“For too long we have allowed our schools to go underfunded while taking the blame for the host of issues that come with that.”
By Julia Conley, staff writer for Common Dreams. Published 5-1-2019
Demanding an end to austerity measures that have kept classrooms overcrowded and educators underpaid, about 10,000 teachers, students, and supporters staged one of the largest protests in recent years at the South Carolina Statehouse in Columbia on Wednesday.
Led by the grassroots group SC for Ed, teachers from across the traditionally deep red state took personal days to stage the walkout. The protest is aimed at forcing the Republican-controlled legislature to fund higher wages and more hiring in order to reduce class sizes and staff schools with support staff.
“For too long we have allowed our schools to go underfunded while taking the blame for the host of issues that come with that,” SC for Ed said in a statement Wednesday. “We hope the state of South Carolina will commit to starting over the process of reform with current classroom teachers at the table.”
Many of the teachers chanted, “We teach, we vote” as they marched to the Statehouse Wednesday morning.
— SCDPS (@SCDPS_PIO) May 1, 2019
— Amanda Stiglbauer (@astiglbauer) May 1, 2019
The sleeping giant in SC politics is awake and pissed off!!! Teachers are the most powerful force in our communities and they are demanding to be treated fairly and to be treated as professionals! #AllOutMay1 #SupportOurTeachers #JoinJaime pic.twitter.com/saNHeq4TTV
— Jaime Harrison (@harrisonjaime) May 1, 2019
Former educator Sariah McCall, who cited a chronic lack of resources when sheresigned from her job at Charleston County School District in November, was among the speakers at the rally.
McCall’s resignation letter was printed in the Washington Post last month.
“The public has to demand that they receive the time, funding, and resources they require,” McCall wrote. “We need to prioritize education, not just offer it lip-service. Until enough people decide that this is worth making a fuss over, those that are in power have no reason to listen to our hurt, pleas, and fears to make any changes.”
Teachers faced criticism from state Superintendent Molly Spearman and GOP leaders.
“I cannot support teachers walking out on their obligations to South Carolina students, families, and the thousands of hardworking bus drivers, cafeteria workers, counselors, aides, and custodial staff whose livelihoods depend on our schools being operational,” Spearman said Monday.
Spearman’s statement reportedly struck a nerve with educators across the state, leading to a larger-than-expected turnout.
Some teachers have told me they believe the huge crowds today is a result of SC Superintendent Molly Spearman saying she can’t support teachers who are “walking out on their obligations” to students. Whatever the reason, the turnout is of historic proportions. pic.twitter.com/E2AG3qYjVV
— Anna Lee (@annazlee) May 1, 2019
Wednesday’s protest marked the second time this year that South Carolina teachers have walked out of their classrooms to decry their chronically low pay and overcrowded schools. In January many teachers took a day off work to lobby at the Statehouse for a 10 percent pay raise.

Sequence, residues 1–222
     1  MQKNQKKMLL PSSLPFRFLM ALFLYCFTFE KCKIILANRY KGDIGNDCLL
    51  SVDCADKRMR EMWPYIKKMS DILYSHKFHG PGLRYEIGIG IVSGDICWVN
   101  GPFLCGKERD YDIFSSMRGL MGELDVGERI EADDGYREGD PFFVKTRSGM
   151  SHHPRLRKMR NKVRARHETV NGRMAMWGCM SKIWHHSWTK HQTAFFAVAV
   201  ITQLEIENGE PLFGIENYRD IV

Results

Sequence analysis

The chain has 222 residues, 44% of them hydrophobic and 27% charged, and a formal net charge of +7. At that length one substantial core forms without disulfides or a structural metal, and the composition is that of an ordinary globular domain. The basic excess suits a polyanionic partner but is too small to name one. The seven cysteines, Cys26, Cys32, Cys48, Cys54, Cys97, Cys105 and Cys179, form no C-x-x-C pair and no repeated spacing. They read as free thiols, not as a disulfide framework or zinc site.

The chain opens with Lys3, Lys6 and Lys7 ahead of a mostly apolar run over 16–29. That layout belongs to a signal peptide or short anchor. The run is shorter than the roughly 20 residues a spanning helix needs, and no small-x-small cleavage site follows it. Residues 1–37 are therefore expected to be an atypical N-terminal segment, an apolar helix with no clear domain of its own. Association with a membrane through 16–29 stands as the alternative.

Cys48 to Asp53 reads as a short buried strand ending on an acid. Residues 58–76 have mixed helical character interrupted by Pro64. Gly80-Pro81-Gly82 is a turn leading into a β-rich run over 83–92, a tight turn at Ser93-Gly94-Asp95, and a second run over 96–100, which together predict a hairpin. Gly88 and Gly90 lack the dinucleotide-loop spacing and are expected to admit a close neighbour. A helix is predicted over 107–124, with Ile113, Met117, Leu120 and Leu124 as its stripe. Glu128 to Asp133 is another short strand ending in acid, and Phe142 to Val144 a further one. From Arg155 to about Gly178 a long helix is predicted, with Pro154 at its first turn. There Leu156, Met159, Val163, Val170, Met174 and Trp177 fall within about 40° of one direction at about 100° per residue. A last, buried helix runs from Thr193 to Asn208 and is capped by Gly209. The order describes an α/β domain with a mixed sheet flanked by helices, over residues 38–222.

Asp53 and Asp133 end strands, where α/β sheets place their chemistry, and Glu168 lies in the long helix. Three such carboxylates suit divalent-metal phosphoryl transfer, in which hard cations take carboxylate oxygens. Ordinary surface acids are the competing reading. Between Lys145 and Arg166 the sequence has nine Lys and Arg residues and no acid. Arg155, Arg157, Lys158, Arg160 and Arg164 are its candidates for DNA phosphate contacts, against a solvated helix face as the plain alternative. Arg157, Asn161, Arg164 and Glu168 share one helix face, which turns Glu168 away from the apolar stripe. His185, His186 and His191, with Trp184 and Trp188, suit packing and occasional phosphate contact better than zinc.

South Carolina teachers are paid an average of $50,000 per year, with entry-level teachers earning as little as $32,000. The state ranks 38th in the nation for teacher salaries.
According to the Charleston Post and Courier, the state has not enforced class size limits since 2010, a continued oversight reportedly stemming from the Great Recession.
“Between 2008 and 2018, the number of schools where the average classroom size exceeded 28 students per teacher almost doubled to 110 from 60,” the Post and Courier reported earlier this year.
“Right now, it feels like in order to save money people put as many students in a classroom as they can,” Dottie Adams, middle school science teacher in Columbia, told the newspaper.
In Raleigh, North Carolina, thousands of teachers also held a May Day rally for the second year in a row, calling for more support staff, a five percent raise for teachers, and a minimum wage of $15 for all school staff.
Several 2020 Democratic presidential candidates voiced their support for educators in both states and across the country.
I stand with South Carolina teachers who are walking out for fairer pay, smaller classroom sizes, duty-free break time and full funding of the state’s promises to students. We need to treat educators with respect and dignity. #AllOutMay1 https://t.co/K8RpgUarw9
— Bernie Sanders (@BernieSanders) May 1, 2019
Today, teachers in South Carolina are marching for fair wages and improved working conditions. I stand with them. As president, I will raise the average teacher pay in South Carolina by 19%, reduce teacher turnover, and ensure our teachers are paid their worth. #SCforEd
— Kamala Harris (@KamalaHarris) May 1, 2019
Our schools are understaffed. Our school systems are under-resourced. Our teachers are underpaid and disrespected. I support the thousands of teachers in North and South Carolina who are standing up for our students today and every day. #AllOutMay1 #RedForEd https://t.co/0g05fKYICT
— Julián Castro (@JulianCastro) May 1, 2019
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